make a prima facie showing of purposeful race discrimination,
defendant must show 1) he is a member of a cognizable racial
group, 2) that the prosecutor exercise peremptory strikes to
remove venire members based on race. Batson v.
Kentucky. 476 U.S. 79, 96 (1986), holding modified
by Powers. 499 U.S. 400.
proving the second prong, defendant may rely on facts and
circumstances, including the number of racial group members
in the venire, the nature of the crime, the race of the
defendant and victim, a pattern of strikes against members of
a particular race, and the prosecution's questions and
statements during voir dire. See Flowers v.
Mississippi. 139 S.Ct. 2228, 2244-51 (2019) (finding a
Batson violation where, after six trials, approximately 41 of
42 peremptory strikes used by the government struck black
prospective jurors, and five of six peremptories in the
instant trial struck black prospective jurors). "While
the racial composition of the actual petit jury is not
dispositive of a Batson challenge, neither [is] the district
court precluded from considering it." United States
v. Grandison, 885 F.2d 143, 147-48 (4th Cir. 1989)
(finding no pattern of racially discriminatory strikes where
six of the government's nine peremptory strikes were used
to strike black prospective jurors, but two black jurors
ultimately served on the jury).
defendant makes the prima facie case, "the burden shifts
to the State to come forward with a neutral explanation for
challenging black jurors." Id. at 97.
"Unless a discriminatory intent is inherent in the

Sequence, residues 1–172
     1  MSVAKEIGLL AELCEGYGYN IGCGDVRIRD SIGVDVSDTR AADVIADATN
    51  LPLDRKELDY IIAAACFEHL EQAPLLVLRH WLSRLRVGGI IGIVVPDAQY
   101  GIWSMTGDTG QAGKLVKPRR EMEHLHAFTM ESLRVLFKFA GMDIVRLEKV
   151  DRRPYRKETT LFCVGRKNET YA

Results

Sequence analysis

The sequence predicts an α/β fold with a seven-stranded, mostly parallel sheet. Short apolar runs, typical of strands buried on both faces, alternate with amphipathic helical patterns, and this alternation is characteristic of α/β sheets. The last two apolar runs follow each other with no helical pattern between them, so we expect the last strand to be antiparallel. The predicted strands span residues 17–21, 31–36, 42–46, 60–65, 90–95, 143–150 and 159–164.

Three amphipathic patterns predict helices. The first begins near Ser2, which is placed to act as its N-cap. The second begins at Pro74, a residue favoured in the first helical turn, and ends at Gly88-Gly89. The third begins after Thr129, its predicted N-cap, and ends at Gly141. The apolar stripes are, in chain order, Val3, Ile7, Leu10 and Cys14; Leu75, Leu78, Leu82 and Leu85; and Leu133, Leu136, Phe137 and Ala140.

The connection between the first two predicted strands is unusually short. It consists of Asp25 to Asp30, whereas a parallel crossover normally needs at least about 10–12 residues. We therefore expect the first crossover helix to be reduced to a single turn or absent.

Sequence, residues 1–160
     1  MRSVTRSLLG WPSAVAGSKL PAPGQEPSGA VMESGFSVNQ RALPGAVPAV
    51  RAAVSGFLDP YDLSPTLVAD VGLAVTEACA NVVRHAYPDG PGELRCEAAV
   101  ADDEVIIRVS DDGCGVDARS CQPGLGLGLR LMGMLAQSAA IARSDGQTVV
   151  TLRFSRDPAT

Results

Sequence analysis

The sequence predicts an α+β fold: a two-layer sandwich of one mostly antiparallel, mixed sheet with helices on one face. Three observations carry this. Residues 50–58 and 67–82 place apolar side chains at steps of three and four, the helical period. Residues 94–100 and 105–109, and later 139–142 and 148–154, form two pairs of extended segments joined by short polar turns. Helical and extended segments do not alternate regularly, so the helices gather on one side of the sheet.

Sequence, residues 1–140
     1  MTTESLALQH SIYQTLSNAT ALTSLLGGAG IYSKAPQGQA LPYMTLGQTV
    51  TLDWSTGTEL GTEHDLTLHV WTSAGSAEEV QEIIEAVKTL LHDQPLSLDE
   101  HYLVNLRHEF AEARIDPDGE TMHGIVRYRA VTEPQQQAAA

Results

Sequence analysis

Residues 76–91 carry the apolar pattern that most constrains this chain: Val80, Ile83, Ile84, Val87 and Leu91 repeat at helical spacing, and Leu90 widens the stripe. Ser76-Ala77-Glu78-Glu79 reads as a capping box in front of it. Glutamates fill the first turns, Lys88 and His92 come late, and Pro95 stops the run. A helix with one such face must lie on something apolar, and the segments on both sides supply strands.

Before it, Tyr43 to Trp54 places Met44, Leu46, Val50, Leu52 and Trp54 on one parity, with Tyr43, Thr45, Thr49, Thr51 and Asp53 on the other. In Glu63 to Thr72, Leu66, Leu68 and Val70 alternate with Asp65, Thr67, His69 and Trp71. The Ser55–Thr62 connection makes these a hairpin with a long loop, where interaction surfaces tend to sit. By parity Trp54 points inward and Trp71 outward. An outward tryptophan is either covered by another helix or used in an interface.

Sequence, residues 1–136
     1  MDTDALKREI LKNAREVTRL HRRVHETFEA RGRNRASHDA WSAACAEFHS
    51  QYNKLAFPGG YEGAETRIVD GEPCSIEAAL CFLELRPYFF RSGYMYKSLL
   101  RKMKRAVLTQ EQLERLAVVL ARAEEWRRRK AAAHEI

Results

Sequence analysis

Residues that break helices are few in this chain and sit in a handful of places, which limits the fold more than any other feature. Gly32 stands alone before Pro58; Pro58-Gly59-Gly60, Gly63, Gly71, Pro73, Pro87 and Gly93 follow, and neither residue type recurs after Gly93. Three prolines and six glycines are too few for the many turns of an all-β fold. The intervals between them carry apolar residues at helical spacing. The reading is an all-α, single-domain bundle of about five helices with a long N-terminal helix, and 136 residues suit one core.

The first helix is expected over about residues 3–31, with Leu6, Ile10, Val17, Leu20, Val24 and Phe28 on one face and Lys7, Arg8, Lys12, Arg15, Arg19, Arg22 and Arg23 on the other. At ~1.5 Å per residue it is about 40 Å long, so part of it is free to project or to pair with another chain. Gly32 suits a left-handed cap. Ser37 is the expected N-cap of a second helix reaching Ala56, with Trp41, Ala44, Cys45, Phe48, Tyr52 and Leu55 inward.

prosecutor's explanation, the reason offered will be
deemed race neutral." Purkett v. Elem, 514 U.S.
765, 768 (1995).
the government offers a race neutral explanation, "the
trial court must then decide whether the opponent of the
strike has proved purposeful racial discrimination."
Id. at 767; Batson, 476 U.S. at 98. "There will
seldom be much evidence bearing on that issue, and the best
evidence often will be the demeanor of the attorney who
exercises the challenge." Hernandez v. New
York, 500 U.S. 352, 365 (1991). "If a
prosecutor's proffered reason for striking a black
panelist applies just as well to an otherwise-similar
nonblack [panelist] who is permitted to serve, that is
evidence tending to prove purposeful discrimination."
Miller-El v. Dretke, 545 U.S. 231, 241 (2005). In
addition, "shifting explanations,  misrepresentations
of the record, and  persistent focus on race in the
prosecution's file" can sustain an inference of
purposeful discrimination. Foster v. Chatman. 136
S.Ct. 1737, 1754 (2016).
court's first task "is initially to determine
whether the defendant has shown a prima facie violation when
the issue is first raised." United States v.
Joe. 928 F.2d 99, 103 (4th Cir. 1991). If the court
concludes that defendant may be able to make a prima facie
case, "it should require the government to articulate
reasons for exercising its peremptory challenges to remove
members of the defendant's racial group."
Id. Finally, if the reasons offered are facially
neutral, "the court should provide the defendant with
the opportunity to establish pretext and then ...